Traineeship from 01 September 2013 to 28 February 2014.
At the moment of entry, Philip Menzi was completing a bachelor in Business Administration at the University of Bern. Half of his traineeship he dedicated to operational support in the field of education and the other half he spent on the drafting of a research paper on the European instruments in the field of education. The executive summary can be found hereunder.
How can Erasmus+ best support Swiss education institutions’ international endeavours?
The Swiss education institutions have manifold internationalisation strategies and corresponding objectives. How to pursue and realise those objectives varies from one education sector to another as well as from institution to institution. However, what all institutions have in common is the access to a specific range of funding opportunities (instruments) offered by the new European Union's programme for Education, Training, Youth and Sport 'Erasmus+', which started on 1 January 2014 and will last until 2020. Each institution should therefore make sure it optimises the use of these funding opportunities to support its international objectives. This report gives answers on how to do so, by providing recommendations for three distinct sectors examined in the report: higher education, vocational education and training, and secondary school education.
An institution can choose to engage internationally at different scales of intensity. There are of course nuances between the three education sectors examined in this report, but the following generic observations on the strategic use of Erasmus+ were extracted from the conclusions and recommendations in this report.
A first option is to use Erasmus+ on an ad-hoc basis and not as a coordinated approach. This entails the possible engaging in mobility and cooperation projects. Already existing cooperation is continued and, if not yet funded with European money, could be turned into an Erasmus+ project. This rather bottom-up approach is often chosen if the institution does not have a centralised internationalisation strategy and objectives. Looking at our internationalisation model, it means that an institution has no clear answer on objectives pursued in any of the four dimensions, i.e. core missions, recruitment, mobility, cooperation. Nevertheless, it can very well be that an institution is active in one or the other dimension, but without having any underlying overall vision of internationalisation.
A second option is to institutionalise internationalisation at the institution expressed in the form of a clear set of international objectives. The use of Erasmus+ then feeds directly into achieving those objectives. As the report shows, one instrument of Erasmus+ can serve several objectives. For example, Erasmus+ is used to enhance the international reputation of an institution or offering an attractive and international learning and working environment. In terms of our internationalisation model, an institution is able to give clear answers on objectives pursued in the four dimensions. The answers still vary from sector to sector, i.e. mobility is explicit in higher education, but not necessarily in vocational education and training. International cooperation is anyhow a priority in one or the other way. For that purpose, Strategic Partnerships, which are a very flexible cooperation instrument of Erasmus+, can be used to work with partners sharing similar interest and goals or bringing a complementary approach to a common issue. In all sectors, Erasmus+ is used to support the international objectives pursued by the institution in a coordinated manner, i.e. with a top-down support from the level of direction.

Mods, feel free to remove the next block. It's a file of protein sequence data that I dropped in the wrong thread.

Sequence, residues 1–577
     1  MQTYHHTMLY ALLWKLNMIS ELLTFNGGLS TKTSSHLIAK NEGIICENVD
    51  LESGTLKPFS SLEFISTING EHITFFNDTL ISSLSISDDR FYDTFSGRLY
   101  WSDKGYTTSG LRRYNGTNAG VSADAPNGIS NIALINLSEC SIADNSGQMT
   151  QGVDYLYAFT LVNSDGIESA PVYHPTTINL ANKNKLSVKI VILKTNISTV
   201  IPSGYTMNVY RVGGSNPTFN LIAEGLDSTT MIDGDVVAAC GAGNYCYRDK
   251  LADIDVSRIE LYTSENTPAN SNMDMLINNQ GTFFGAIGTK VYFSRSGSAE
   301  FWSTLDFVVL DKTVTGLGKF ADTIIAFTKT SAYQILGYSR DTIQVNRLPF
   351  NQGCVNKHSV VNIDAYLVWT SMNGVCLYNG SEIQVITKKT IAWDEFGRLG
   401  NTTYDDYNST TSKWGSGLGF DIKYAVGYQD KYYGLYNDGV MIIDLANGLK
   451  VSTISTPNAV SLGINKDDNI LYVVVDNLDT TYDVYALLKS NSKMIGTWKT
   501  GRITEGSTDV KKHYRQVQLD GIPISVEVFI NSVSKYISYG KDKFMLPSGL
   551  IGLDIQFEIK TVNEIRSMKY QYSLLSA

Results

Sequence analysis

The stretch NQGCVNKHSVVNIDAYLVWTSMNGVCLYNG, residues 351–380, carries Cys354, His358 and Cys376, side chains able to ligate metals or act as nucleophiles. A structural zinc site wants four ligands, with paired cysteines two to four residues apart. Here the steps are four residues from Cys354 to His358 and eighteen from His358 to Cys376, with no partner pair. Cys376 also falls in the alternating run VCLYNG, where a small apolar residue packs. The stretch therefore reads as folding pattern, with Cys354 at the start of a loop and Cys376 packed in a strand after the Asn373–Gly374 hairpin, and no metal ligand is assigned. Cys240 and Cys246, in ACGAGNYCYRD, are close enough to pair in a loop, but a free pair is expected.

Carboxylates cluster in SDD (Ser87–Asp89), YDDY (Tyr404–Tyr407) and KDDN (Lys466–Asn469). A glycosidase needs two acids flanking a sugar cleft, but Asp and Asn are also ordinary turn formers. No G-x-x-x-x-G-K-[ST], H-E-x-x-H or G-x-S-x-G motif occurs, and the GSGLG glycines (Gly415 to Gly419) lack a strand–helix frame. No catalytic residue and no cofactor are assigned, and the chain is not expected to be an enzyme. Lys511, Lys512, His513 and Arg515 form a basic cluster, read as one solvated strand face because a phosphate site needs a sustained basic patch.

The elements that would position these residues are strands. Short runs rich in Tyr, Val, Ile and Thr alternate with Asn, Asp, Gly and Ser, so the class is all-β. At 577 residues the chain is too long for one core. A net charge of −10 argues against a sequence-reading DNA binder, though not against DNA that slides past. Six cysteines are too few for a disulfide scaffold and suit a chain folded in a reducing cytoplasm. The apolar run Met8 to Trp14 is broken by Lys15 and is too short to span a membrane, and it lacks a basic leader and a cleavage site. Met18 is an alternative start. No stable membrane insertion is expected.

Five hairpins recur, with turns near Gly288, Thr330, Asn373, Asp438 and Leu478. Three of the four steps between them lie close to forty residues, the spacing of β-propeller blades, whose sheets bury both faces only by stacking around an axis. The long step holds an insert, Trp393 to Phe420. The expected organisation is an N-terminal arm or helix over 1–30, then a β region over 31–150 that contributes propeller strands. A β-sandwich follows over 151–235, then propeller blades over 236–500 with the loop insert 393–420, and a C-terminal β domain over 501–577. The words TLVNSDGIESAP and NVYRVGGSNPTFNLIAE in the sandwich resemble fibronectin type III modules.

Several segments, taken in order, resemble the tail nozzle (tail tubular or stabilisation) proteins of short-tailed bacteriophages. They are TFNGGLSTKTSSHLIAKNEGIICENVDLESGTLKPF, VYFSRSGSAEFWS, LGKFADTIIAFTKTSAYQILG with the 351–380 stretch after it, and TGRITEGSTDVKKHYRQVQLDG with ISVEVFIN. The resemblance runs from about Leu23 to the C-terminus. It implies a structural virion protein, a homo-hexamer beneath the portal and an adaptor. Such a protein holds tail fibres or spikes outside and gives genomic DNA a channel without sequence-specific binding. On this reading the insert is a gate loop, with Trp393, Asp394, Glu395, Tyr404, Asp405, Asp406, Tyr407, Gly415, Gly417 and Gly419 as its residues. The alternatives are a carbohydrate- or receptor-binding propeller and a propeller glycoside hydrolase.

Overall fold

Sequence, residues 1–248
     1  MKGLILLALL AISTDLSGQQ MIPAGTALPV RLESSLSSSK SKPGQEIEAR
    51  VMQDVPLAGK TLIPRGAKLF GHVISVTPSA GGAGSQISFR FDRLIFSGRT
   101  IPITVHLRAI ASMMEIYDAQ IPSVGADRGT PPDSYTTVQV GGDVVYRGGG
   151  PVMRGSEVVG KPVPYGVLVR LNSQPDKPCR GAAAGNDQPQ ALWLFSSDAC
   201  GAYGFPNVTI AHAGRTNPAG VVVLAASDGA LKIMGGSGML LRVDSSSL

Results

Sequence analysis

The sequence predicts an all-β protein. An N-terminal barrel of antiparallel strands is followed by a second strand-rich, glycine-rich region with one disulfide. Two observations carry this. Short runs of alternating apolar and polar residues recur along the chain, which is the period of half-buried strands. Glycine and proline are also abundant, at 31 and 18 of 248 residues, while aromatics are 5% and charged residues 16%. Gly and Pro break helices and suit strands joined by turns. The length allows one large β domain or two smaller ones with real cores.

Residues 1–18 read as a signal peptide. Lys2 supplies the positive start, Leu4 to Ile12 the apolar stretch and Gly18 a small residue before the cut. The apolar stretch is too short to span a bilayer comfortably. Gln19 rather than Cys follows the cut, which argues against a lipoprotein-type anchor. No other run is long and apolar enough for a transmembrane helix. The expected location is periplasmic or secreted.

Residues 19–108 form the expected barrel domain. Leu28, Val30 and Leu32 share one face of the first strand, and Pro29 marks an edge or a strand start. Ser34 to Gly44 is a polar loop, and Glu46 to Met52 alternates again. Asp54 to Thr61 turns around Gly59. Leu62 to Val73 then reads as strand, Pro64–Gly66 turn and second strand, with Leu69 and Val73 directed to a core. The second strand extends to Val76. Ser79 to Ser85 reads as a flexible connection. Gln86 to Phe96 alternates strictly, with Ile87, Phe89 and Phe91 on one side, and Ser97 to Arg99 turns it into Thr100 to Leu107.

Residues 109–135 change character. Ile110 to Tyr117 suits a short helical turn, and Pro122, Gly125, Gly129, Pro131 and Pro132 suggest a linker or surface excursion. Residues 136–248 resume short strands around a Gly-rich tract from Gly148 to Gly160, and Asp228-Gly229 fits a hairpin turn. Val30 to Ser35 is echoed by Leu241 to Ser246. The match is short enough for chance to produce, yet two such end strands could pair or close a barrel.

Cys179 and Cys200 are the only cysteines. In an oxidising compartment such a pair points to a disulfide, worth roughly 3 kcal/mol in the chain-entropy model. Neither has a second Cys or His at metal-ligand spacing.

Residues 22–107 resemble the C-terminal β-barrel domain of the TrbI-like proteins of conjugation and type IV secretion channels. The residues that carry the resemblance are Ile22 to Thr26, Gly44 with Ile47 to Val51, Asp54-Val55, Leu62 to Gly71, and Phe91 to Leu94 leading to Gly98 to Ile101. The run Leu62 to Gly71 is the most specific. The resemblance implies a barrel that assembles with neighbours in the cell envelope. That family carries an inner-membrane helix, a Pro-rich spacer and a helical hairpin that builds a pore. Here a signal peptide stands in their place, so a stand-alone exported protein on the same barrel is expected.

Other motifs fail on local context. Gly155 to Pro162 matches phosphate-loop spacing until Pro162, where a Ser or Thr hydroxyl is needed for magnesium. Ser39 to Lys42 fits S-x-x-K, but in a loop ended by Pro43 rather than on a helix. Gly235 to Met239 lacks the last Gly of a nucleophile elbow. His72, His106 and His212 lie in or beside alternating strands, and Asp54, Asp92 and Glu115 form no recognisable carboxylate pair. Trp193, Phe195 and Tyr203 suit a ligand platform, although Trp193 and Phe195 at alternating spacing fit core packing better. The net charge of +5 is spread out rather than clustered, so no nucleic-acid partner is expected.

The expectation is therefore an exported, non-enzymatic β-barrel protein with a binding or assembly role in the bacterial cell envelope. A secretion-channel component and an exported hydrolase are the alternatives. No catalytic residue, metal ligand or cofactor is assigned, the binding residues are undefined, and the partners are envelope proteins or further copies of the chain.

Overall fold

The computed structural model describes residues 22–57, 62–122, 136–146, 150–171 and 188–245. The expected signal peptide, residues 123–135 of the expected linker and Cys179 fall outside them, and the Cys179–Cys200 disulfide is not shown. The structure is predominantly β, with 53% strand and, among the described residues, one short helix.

A third option builds up on the second approach, but in addition makes internationalisation an integrated aspect in an institution's overall strategy. Internationalisation then is not a goal in itself, but directly contributes to the realisation of the goals and objectives of the overall institutional strategy: the participation in Erasmus+ is a strategic mean to reach objectives also in other areas. In the light of our internationalisation model, an institution has clear answers as to what its objectives in the four dimensions are and which dimension are used to serve which objectives. Any instrument in Erasmus+ is thus used strategically. One crucial aspect of this approach is to select a number of partner institutions abroad to cooperate with on a stronger, strategic level and in more than just one area of an institution. The question of with whom and why an institution engages with partners abroad and the ideas of complementarity and clear coordination move into the spotlight in this approach. For example, in higher education, Joint Master degrees can offer an institution the possibility to exploit complementarities with other institutions abroad: uniting resources in areas of studies where the number of students is limited allows to create a pool of talented students, thus feeding into the long-term goal of attracting and retaining talents for doctoral education and early-stage research. The Knowledge Alliances, aimed at cooperation amongst higher education institutions and businesses, are used to support the promotion of innovation and entrepreneurship, and developing the skills that are relevant for the institution and its students. The same can be said for the Sector Skills Alliances in Vocational Education and Training. These three types of instruments in Erasmus+ have a strategic aspect, where the goal is to reach long-term sustainable international engagement. For this last option even more than for the second one, the involvement and activeness of an institution's direction is highly important in order to promote internationalisation in such an integrated way.
see complete report
see executive summary and recommendations